It is currently estimated that there are over 2,528 officially designated public monuments located in venues across the United States. These public monuments vary as greatly in scope and size as with intent as in commemorating heroes, war, buildings and events to name just a few of the reasons these monuments were built. While I cannot say that I have visited all of those sites, I can attest to the fact that I have seen a fair number of public monuments during my time on this planet. Which brings me to the point of this article. What makes a public monument memorable?
The idea behind this blog came about because of a recent business trip to Washington DC (talk about a town filled with monuments). I had a couple of free hours on my last morning there and decided to take time to revisit and walk the mall area. During the couple of hours I spent there I had the chance to revisit the Vietnam Memorial Wall, ascend the steps of the Lincoln Memorial, gaze up at the scaffolding that enfolds the Washington Memorial and admire the Jefferson Memorial as it looks out over the Potomac River. It got me thinking – why did my time at the Lincoln and Vietnam Memorials evoke a significant emotional response while other monuments didn’t? What role did the collective experience of each of the other visitors who were with me that day have in making my personal experience unique?
As a Vietnam Era Veteran I know about the Vietnam War. People I knew as a child were killed in that war. It was a war that divided this nation for generations. It was a war that left deep scars on the psyche of young and old alike. Even the building of the memorial itself involved a process filled with anger and angst. Yet, out of that angst came a memorial that touched the soul of our nation – it provided a way of embracing our loss – it affirmed the validity our grief – it allowed us an opportunity to forgive those who sacrificed a generation of unrealized promise – and it reaffirmed with those around us – the indomitable spirit that is so much a part of our American character. As I watched people reverently touch a loved ones name, place handwritten notes, flowers, teddy bears, photos, dog tags or hats, I felt included in their experience. I was a part of that moment in time.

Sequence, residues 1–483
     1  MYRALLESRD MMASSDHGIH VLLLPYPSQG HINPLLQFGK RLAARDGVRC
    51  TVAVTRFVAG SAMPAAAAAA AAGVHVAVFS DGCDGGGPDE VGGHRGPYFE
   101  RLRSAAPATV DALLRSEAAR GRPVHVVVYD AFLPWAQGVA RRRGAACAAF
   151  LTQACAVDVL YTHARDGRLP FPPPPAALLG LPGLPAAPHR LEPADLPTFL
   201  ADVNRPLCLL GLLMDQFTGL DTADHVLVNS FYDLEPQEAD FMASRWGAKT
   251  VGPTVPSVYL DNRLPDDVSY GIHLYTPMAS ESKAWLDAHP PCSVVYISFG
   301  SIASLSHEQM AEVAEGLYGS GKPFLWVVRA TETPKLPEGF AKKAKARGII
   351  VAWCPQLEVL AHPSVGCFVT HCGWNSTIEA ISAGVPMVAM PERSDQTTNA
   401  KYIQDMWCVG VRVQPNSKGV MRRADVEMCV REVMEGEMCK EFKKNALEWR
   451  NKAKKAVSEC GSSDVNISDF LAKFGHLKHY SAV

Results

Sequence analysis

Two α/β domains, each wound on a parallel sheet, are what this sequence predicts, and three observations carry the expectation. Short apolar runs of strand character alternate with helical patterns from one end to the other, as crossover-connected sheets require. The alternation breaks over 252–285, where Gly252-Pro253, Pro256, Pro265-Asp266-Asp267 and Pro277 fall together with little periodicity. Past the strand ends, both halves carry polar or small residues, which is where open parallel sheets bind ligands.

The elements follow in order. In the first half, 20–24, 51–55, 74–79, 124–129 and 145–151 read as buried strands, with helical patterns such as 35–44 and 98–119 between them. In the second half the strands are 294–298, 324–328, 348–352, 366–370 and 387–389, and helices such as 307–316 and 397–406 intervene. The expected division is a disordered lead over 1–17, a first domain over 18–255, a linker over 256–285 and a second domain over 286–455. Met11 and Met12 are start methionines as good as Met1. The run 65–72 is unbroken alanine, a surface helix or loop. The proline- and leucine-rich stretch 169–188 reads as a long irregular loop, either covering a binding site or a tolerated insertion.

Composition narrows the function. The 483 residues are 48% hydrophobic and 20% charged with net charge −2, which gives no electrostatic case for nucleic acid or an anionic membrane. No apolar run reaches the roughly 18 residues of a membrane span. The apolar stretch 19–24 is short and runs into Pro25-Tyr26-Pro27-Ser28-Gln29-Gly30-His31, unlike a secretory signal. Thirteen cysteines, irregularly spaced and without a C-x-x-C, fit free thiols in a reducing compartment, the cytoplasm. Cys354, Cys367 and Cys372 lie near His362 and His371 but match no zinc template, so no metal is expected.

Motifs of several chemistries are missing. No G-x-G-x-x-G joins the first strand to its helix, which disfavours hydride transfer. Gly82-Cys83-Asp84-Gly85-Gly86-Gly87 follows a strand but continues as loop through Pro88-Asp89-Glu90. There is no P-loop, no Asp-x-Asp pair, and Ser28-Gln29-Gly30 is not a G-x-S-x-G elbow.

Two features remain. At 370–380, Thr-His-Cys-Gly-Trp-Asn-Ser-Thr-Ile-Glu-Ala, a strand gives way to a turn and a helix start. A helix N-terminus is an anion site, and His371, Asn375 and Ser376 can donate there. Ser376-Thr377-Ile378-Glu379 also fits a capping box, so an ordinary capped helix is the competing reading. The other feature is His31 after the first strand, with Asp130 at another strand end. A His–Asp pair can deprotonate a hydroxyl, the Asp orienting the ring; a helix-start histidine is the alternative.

After a while I moved on, this time ascending the steps of the Lincoln Memorial. Entering the chamber where Lincoln sits and contemplates the world around him I thought about the momentous historical moments that have taken place under his watchful eyes. Perhaps no historical moment is more importance that Martin Luther King’s “I have been to the Mountaintop” moment that took place on those very steps just fifty years prior. This monument, created to honor the man willing to take a nation to war to free the enslaved, seems to embrace the collective will of a people still struggling to ensure the equality of all people. It is a powerful space.
So what exactly is the point I am trying to make? I guess what I am attempting to say is that heart matters! As I walked the Mall what resonated most for me were the monuments that touched me at a deeply personal level. I thought the Jefferson Memorial was beautiful (and it is indeed that) and the Washington Memorial is fun to see (especially when it is lit up in the evening) but what made my experience memorable was the intensely personal response I felt that morning, an experience that was both personal and communal. It will never be experienced in that way again. It also got me thinking about those other experiences of the “heart” – Ground Zero, Gettysburg, Tomb of the Unknown Soldier, Federal Building in Kansas City, U.S.S. Arizona – they are monuments that capture the heart both on a personal level and on a communal level. These monuments affirm our humanity. It is my hope that as we build the next generation of monuments we find the “heart” that will give these monuments lasting value to current and future generations.